Assess the risk for each field before an application
The Runoff Risk Forecast Advisory maps are based on a National Weather Service flood forecast model. Cropped fields are smaller than the grids and can vary considerably within a grid. Local characteristics can significantly affect the model’s applicability to a given field. Always apply your own knowledge of the landscape when assessing the risk of runoff for your fields.
The system assumes grid-wide average conditions for soil moisture. If you know that your fields are particularly wet (for example, you experienced a recent rainfall event that was greater than in other parts of the grid) you should know that the risk of runoff from your fields will be higher than what is shown on the risk map. The opposite may hold true if you estimate that your soil moisture values are lower than the grid-wide average.
Applying liquid manure (typically equivalent to 1/3 to 1 inch or more of rainfall) to wet fields can lead to direct manure runoff, even if the field is otherwise a low risk site due to low slope or low P-index. Make sure your fields are dry enough to accept additional moisture. If liquid manure should runoff or pond in a field or discharge into tile lines, application must stop until the runoff can be checked. Additionally, operating field equipment on wet fields can lead to soil compaction which can greatly reduce crop yields.
An application of 27,000 gallons per acre of liquid manure is the equivalent of adding approximately 1 inch of water to your fields. A liquid manure application effectively increases your soil moisture, and therefore the risk of runoff from fields receiving liquid manure will be higher than what is shown on the risk map.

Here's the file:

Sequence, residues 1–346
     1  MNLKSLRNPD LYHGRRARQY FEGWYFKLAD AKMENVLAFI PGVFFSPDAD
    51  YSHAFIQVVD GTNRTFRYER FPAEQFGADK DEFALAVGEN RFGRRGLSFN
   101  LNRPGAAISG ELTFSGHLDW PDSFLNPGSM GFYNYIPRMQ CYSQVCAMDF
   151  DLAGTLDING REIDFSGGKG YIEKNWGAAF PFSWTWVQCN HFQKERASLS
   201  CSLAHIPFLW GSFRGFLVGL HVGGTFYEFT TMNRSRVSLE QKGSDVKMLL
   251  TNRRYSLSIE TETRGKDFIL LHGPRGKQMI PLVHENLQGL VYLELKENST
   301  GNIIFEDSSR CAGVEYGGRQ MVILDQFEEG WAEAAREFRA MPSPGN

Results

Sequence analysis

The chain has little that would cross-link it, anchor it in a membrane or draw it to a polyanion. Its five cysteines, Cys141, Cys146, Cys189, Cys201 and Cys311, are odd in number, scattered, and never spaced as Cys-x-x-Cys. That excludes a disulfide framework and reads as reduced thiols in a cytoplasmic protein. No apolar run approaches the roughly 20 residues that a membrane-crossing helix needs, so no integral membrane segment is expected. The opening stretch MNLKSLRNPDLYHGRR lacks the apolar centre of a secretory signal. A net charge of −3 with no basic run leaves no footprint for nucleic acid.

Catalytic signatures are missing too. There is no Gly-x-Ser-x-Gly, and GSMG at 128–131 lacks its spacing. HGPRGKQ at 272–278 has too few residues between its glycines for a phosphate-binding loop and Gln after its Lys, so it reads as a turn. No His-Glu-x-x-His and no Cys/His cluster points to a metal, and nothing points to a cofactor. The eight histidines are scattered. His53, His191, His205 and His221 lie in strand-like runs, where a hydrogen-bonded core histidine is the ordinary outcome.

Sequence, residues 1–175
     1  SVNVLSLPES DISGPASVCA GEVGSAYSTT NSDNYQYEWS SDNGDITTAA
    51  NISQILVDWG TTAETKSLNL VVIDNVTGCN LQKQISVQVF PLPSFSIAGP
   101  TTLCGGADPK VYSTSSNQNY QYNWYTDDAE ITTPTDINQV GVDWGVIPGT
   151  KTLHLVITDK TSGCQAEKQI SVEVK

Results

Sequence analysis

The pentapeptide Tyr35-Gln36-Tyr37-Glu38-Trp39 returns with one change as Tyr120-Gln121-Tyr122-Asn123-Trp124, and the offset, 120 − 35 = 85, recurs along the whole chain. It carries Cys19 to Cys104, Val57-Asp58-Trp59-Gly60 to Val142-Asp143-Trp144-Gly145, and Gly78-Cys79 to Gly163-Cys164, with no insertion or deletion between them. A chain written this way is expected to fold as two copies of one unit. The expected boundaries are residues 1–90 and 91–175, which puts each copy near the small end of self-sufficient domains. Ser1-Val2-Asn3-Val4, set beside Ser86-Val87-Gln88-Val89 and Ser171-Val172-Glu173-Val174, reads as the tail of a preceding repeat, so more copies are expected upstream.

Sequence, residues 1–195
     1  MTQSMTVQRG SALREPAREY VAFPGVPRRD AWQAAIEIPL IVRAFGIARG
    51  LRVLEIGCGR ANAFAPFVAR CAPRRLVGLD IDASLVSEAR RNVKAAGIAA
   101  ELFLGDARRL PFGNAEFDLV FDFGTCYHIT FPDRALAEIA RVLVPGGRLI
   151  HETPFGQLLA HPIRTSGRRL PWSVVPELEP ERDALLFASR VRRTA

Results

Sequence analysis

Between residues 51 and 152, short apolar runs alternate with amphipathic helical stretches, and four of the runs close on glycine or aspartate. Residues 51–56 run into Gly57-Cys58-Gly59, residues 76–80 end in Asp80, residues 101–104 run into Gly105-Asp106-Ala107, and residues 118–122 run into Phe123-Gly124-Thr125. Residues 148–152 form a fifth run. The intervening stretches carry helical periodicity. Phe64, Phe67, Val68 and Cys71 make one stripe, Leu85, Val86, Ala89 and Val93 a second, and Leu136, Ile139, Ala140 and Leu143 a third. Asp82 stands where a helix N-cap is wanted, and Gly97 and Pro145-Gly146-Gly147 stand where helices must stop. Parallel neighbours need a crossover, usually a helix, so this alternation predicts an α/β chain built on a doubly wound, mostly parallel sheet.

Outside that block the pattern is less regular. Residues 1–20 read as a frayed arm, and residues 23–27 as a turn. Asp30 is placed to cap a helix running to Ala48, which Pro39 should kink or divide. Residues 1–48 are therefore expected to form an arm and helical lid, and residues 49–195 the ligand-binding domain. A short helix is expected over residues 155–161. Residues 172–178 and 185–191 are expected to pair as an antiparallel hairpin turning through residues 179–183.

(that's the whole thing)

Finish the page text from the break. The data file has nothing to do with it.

These are areas of concern on your farm and might include fields with higher slopes, tighter soils, poor drainage, or fields that are closer to sensitive features such as ponds, streams, lakes, wetlands, sinkholes, etc. Many of these areas may be identified in your nutrient management plan. You should use caution when applying manure or any agrichemical products in these areas, regardless of what the risk map indicates.
If you must haul manure during high runoff risk times:
- Use neighboring or other available manure storage facilities
- Create in-field stacking in areas that pose the least environmental runoff risk
For manure storing guidelines, see Natural Resources Conservation Service’s “Conservation Practice Standard Waste Storage Facility, Code 313.”
Identify lower-risk fields for spreading or stacking manure:
- Apply to your driest fields
- Avoid sensitive areas of your fields. For information on what options you have, see the MPCA Manure Management Plan
- Use your Manure Management Plan or Nutrient Management Plan to find fields with:
- low slope
- low erosion, and
- low delivery potential (low P-Index)
- Apply to flatter fields without channelized flow, gullies
- Apply to fields farthest from surface water, conduits to groundwater, and areas of concentrated flow
- Apply to fields that do not drain to Outstanding, Exceptional, or nutrient impaired water bodies
The MPCA Manure Management Plan restrictions:
- No nutrient spreading in the winter within 300 feet of lakes, streams, intermittent streams, public waters wetlands, drainage ditches without berms, and open tile intakes.
- Do not spread during snowmelt that creates runoff or when rainfall over ¼ inch is expected within 24 hours.
- Only spread liquid manure to slopes less than 2 percent and solid manure to slopes less than 6 percent.
- Only spread manure where tillage is on the contour (if slopes are greater than 2 percent).
- Make sure to apply liquids at rates that prevent runoff during the application process.
- Find alternative fields or management where MPCA determines that water will be polluted if you do spread.